The Magazine

She's Come Undone

From Gore guru to pretty paranoid.

Oct 20, 2008, Vol. 14, No. 06 • By KATHERINE MANGU-WARD
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"Are ordinary people smart enough to run America? The data is in. The answer is yes." The American people are currently apathetic and disengaged, Wolf says, because they "intuit" a maze around them "and do not want to spend their lives walking around with fake shiny keys fumbling with doors that will never open."

Hence one of the nuttier ideas Wolf endorses in Give Me Liberty, one that has nothing to do with conspiracies. Wolf is enthused about the idea of a National Issues Day, a day (or perhaps two) where many things would be debated nationwide but nothing decided. This would "mean substance, not trivia," she writes, "since local people are unlikely to put up with one another wasting time on boxers versus briefs."

Elsewhere in the book she finds evidence for her belief in the wonder-working power of ordinary citizen engagement when she meets and talks to a "real live pro-lifer" for the first time in her long career: "I had never entertained the remotest notion that a pro-life activist might have come to her or his position through motives recognizable to me--through sincere concern for poor women, or women's well-being, or for the sincere well-being of children as a whole," she writes.

Life outside of cable news, Wolf's previous natural habitat, is indeed a marginally better place. But boxers versus briefs? That's never going to go away.

In 2006, Wolf was in therapy for writers block. During one session she says she inhabited the persona of a 13-year-old boy and saw Jesus. "I absolutely believe in divine providence now, absolutely believe God totally cares about every single one of us intimately," she told Glasgow's Sunday Herald. These days, Wolf can't seem to stop writing. Her previous book, The End of America, which chronicles the "fascist shift" we are now experiencing in the United States, came out barely a year ago. It looks as if her faith has been rewarded.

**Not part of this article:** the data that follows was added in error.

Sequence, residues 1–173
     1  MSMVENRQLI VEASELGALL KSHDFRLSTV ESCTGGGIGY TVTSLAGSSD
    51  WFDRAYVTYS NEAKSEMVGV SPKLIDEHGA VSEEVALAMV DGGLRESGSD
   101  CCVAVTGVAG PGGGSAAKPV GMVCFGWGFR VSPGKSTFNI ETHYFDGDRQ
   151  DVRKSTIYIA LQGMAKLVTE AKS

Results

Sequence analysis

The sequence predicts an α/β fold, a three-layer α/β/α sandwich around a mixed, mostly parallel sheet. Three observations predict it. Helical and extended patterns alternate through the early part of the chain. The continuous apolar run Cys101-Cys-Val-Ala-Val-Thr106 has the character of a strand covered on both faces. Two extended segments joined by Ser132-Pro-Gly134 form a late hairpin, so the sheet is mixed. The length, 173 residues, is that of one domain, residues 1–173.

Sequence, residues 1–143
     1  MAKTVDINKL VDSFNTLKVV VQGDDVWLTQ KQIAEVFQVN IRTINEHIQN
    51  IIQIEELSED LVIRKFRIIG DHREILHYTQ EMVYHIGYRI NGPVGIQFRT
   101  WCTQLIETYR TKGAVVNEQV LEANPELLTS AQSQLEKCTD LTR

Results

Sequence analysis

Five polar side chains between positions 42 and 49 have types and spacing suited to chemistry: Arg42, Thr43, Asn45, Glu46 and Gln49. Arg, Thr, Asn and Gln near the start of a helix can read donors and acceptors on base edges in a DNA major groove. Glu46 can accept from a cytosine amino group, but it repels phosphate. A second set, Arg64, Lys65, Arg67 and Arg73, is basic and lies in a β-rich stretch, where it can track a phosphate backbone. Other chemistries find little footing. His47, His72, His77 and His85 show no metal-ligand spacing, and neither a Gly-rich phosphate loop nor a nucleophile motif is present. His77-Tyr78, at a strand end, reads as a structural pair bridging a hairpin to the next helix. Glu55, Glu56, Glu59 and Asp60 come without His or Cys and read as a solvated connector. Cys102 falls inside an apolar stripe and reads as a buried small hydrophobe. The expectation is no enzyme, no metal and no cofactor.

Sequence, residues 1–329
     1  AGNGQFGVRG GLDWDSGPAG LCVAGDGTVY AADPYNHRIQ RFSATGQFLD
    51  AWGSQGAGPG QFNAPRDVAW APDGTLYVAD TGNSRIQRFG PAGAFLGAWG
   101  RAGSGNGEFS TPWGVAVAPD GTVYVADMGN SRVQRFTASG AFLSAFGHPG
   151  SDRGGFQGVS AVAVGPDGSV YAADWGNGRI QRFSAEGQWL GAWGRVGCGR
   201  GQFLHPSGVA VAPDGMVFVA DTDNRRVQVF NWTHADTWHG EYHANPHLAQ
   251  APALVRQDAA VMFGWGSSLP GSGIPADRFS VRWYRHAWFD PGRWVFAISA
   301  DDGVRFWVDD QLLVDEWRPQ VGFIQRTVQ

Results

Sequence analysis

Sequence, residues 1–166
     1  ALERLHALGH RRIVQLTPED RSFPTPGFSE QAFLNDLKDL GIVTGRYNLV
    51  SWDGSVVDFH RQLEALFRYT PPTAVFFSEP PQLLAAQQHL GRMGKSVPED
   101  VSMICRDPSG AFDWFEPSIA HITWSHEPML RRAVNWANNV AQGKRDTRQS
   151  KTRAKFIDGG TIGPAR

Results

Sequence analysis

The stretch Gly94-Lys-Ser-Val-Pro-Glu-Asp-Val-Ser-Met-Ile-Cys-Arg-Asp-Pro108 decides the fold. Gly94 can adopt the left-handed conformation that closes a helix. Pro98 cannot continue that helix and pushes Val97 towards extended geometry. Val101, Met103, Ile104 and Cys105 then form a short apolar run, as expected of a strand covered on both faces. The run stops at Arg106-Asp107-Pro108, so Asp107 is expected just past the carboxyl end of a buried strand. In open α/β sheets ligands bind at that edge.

Wolf has always sensed powerful unseen forces pressing in on her--the male gaze; the patriarchy; the state; in one memorable instance, the groping hands of Yale éminence grise Harold Bloom; and now Jesus. The democracy thieves (whoever they are) join this cast in a book much like her previous efforts: confusingly argued, historically illiterate, and yet strangely mesmerizing.

"The web sites that are supposed to teach citizens how to participate, how to lead, are in Latin, you know?" she said at Borders. "And I, like, speak the vernacular." And on the written page she does--fluently.
After reading her colorful, rambling, paranoid account of her wrestling match with modern American democracy, the optimist in me can't help but wonder: If Naomi Wolf finds it almost impossible to successfully stage a rally or run for office, perhaps the system is working pretty well after all.

Katherine Mangu-Ward is associate editor of Reason.